Published: 20:30, 25 January 2021
| Updated: 20:33, 25 January 2021
Kent MP Tracey Crouch is preparing to undergo radiotherapy - the next step in her fight against breast cancer.
The 45-year-old mum has already undergone a lumpectomy and gruelling chemotherapy since she was diagnosed with cancer in June, and has regularly kept well-wishers up-to-date with her treatment on social media.
This evening, she took to Instagram to share a mirror selfie of herself in a yellow hospital gown, writing: "Pre radiotherapy measure up and tattooing today.
"The whole appointment was super efficient & painless. My oncologist tells me compared to chemo it will be a breeze! Zapping starts next month.
"I rather liked the gown which coincidentally matched the yellow jumper I wore to the appointment.
"A sunny colour for positive vibes."
The Conservative MP, who lives in Aylesford, first noticed a lump measuring 33mm in her right breast in June, and had gone to the doctors the following day.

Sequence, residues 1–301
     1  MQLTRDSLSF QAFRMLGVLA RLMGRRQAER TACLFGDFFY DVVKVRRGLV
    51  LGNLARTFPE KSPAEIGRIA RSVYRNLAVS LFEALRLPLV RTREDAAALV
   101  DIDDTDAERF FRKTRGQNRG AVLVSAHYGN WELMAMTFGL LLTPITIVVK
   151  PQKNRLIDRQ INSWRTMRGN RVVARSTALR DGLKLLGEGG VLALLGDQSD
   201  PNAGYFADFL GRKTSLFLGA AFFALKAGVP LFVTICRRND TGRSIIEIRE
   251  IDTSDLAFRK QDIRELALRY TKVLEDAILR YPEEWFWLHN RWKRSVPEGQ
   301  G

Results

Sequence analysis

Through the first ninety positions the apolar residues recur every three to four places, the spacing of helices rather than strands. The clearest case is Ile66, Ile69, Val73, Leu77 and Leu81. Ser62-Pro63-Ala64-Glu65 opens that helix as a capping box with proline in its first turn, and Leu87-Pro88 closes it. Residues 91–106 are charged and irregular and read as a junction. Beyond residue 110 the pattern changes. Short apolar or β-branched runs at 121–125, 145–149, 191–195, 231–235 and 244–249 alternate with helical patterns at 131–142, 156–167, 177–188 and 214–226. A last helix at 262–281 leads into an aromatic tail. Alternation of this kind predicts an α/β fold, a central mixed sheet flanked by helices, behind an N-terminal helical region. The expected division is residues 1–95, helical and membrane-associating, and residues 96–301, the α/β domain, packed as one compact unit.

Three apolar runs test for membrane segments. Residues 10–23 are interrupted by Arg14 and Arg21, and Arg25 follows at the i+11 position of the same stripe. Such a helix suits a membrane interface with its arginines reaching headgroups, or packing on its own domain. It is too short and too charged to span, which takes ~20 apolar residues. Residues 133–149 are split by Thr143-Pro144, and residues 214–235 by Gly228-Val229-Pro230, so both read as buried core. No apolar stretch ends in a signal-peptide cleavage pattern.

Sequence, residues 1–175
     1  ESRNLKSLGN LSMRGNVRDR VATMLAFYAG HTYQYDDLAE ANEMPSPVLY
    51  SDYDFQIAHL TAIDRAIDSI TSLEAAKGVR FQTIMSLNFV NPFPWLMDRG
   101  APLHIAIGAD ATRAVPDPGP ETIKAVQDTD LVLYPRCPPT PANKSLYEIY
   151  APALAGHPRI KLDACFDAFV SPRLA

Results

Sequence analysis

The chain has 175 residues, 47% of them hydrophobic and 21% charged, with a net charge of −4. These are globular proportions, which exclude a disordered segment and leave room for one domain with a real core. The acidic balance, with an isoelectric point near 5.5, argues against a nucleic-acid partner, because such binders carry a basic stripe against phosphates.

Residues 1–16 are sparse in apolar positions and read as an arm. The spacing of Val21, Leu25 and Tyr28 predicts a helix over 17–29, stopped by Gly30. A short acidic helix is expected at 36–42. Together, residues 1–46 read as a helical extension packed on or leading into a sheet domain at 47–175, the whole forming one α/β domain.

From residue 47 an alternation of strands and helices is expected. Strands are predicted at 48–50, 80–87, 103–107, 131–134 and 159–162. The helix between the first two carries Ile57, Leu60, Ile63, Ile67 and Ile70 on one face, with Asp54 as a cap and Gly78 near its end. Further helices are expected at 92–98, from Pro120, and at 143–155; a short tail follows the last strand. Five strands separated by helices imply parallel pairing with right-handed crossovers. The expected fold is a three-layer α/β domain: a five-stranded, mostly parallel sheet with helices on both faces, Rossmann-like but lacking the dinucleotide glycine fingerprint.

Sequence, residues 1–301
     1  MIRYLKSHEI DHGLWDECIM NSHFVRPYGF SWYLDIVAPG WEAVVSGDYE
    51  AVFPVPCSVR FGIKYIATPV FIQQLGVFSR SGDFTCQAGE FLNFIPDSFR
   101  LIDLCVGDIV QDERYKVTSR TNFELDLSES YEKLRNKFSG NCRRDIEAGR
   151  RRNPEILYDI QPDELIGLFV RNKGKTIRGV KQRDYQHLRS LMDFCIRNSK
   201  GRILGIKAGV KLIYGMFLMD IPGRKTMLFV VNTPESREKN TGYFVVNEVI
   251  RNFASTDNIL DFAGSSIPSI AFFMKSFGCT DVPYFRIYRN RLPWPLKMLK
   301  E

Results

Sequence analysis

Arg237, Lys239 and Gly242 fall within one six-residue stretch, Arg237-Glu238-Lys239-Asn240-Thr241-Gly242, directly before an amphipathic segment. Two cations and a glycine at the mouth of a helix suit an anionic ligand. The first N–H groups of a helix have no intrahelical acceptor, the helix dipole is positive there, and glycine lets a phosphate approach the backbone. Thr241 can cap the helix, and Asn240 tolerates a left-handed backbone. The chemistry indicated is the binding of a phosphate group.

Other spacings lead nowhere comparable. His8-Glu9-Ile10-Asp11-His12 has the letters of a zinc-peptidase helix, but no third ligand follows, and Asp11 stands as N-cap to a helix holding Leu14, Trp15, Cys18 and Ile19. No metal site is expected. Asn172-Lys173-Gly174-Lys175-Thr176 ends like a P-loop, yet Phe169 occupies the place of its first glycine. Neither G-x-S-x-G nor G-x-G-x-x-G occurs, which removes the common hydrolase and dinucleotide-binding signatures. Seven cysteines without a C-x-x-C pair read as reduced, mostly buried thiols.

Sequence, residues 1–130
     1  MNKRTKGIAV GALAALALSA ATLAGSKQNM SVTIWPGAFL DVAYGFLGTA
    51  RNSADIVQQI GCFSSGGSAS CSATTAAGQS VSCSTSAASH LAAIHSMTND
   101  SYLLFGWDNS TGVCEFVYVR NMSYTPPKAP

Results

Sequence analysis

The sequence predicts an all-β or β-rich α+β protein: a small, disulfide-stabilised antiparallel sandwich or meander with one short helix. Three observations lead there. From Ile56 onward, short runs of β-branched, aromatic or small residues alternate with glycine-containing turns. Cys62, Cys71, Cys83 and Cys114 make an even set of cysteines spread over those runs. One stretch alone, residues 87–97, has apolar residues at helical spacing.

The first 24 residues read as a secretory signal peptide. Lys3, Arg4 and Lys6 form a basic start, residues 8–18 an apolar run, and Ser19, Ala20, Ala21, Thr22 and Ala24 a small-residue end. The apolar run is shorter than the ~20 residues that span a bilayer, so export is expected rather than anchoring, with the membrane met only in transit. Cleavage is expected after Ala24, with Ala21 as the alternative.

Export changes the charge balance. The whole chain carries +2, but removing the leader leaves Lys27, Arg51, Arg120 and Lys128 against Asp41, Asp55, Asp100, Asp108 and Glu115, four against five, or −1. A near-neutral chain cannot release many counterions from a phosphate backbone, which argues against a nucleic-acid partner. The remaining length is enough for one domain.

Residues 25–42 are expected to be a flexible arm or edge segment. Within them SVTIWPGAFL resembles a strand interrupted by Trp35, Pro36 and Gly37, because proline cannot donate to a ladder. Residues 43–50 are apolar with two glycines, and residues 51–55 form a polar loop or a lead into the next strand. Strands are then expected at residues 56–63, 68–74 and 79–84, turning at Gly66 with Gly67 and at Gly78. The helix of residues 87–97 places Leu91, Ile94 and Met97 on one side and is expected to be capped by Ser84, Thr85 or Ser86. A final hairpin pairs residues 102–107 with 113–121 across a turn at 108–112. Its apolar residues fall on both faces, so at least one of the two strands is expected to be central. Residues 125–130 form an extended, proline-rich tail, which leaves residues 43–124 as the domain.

She paid to go to Kims private hospital near Maidstone and was given a mammogram, ultrasound scan and biopsy the same day which confirmed her worst nightmare.
Speaking previously to KentOnline, Ms Crouch said: "I was lucky because I paid, but I firmly believe this should be standard to everyone.
"Otherwise, I would have to wait six weeks for results and it's the waiting that is the terrifying bit."
Since then, she has been under the NHS care of Maidstone Hospital's top-class oncology department.
She had the lump removed on July 24, her birthday, and has since undergone chemotherapy, with radiotherapy set to begin next month. Radiotherapy is the use of radiation, usually x-rays, to treat cancer cells.
During Breast Cancer Awareness Month in October, Ms Crouch spoke out about her experience with the disease which claims the lives of 11,500 a year in the UK - and urged women to regularly check their breasts and not put off seeking medical attention.
She is calling for the breast screening age to be lowered from 50 to 40, and for more medical professionals to be aware of the increasing number of younger women developing the disease.